What is the purpose of the local non-satiation assumption in the first welfare theorem?

The profit maximization assumption implies $$\text{if } x_i \succ x_i^* \text{ then } p_ix_i > p_i w_i$$

Okay so this just says if the agent is utility maximizing / rational, then if he doesn't choose a bundle strictly preferable to his bundle then it must not be affordable.

Why is the local non-satiation assumption needed to then say

$$\text{if } x_i \succeq x_i^* \text{ then } p_ix_i \geq p_i w_i$$

Why isn't this just automatic from the profit maximization assumption? If we know $x_i \succ x_i^* \implies p_ix_i > p_i w_i$, isn't it obvious that $x_i = x_i^* \implies p_ix_i = p_i w_i$ and so $$\text{if } x_i \succeq x_i^* \text{ then } p_ix_i \geq p_i w_i$$

• The consumer problem is not about profit maximization. Commented Jul 20, 2022 at 15:15

Ok I think I might understand now why local nonsatiation is important for tending toward a pareto optimal market allocation. Consider the following picture, where all the circles represent possible allocations, and their position on the graph represents the utility received by each person in a simple two-person market:

In this case, X, Y, Z, and D all give person 1 the same utility. In such a situation, X, Y, and Z are all possible equilibria given complete markets and price taking behavior even though they're not pareto-optimal.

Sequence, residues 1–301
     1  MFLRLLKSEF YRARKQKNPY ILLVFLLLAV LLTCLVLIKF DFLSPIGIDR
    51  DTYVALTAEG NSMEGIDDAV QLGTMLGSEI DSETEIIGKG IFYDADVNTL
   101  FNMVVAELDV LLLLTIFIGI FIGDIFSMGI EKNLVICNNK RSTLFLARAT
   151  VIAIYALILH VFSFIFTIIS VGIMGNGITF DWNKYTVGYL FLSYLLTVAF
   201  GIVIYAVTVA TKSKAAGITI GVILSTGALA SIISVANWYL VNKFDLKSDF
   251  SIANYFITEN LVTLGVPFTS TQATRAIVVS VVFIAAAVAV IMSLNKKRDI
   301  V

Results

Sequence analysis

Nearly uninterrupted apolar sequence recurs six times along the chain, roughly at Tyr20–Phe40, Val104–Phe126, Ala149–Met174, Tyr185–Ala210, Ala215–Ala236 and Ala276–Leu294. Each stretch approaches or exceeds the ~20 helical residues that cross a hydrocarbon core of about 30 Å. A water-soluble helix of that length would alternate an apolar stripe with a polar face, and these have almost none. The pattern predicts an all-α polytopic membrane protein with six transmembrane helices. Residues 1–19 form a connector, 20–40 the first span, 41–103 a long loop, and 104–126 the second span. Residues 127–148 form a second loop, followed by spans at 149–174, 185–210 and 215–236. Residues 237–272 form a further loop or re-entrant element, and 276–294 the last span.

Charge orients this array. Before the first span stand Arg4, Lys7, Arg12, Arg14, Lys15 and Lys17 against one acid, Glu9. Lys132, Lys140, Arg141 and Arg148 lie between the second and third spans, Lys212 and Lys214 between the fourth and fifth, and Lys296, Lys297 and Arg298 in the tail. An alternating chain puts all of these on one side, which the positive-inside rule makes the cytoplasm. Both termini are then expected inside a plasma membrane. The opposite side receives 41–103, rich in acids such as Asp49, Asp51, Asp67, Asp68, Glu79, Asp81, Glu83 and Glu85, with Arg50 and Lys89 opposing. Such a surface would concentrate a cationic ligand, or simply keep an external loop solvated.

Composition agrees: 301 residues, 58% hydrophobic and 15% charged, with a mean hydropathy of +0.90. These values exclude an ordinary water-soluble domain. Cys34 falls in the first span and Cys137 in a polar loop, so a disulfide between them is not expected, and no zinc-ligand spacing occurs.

In a situation with local nonsatiation, this situation couldn't exist, and thus a pareto optimal equilibrium is ensured.

Weak pareto optimality doesn't require local non-satiation.

Local non-satiation assumption is required to prove the first welfare theorem.

Consider the following pure exchange economy consisting of two consumers - $$1$$ and $$2$$, and two Goods - $$X$$ and $$Y$$:

• Preferences of $$1$$ and $$2$$ are given by the following utility functions: $$u_1(x_1, y_1) = 0$$ and $$u_2(x_2, y_2) = x_2+y_2$$
• Endowments of $$1$$ and $$2$$ are given by the following: $$\omega_1 = (10,0)$$ and $$\omega_2 = (0,20)$$

Observe that the endowment allocation is also the competitive equilibrium of this economy i.e. $$(x_1^*, y_1^*) = (10, 0)$$ and $$(x_2^*, y_2^*) = (0, 20)$$ supported by any pair of prices $$p = (p_X, p_Y)$$ satisfying the condition $$0 < p_Y \leq p_X$$. However, this allocation is not Pareto efficient. This is because an allocation where $$2$$ consumes all of both the goods is Pareto superior to it.

In this example, it is clear that $$1$$'s preferences does not satisfy LNS. Also we can see that this condition fails to hold:

$$(x_1, y_1) \succsim (x_1^*, y_1^*) = (10,0)$$ implies $$p_Xx_1+p_Yy_1 \geq p\cdot\omega_1 = 10p_X$$

To see this, consider $$(x_1, y_1) = (0,0)$$.

When preferences satisfy LNS, we can prove that the following proposition is true:

Proposition. If $$x_i^*$$ is the demand of consumer $$i$$ when price is $$p$$ and endowment is $$\omega$$, then $$x_i\succsim x_i^* \ \Rightarrow \ p\cdot x_i \geq p \cdot \omega_i$$.

Proof. Suppose $$x_i\succsim x_i^*$$ but $$p\cdot x_i < p \cdot \omega_i$$. Then by LNS, there exists a bundle $$x_i'$$ sufficiently close to $$x_i$$, so that $$x_i' \succ x_i$$ and $$p\cdot x_i' holds. This implies that there exists a bundle $$x_i'\succ x_i^*$$ which is also affordable, contradicting that $$x_i^*$$ is the demand.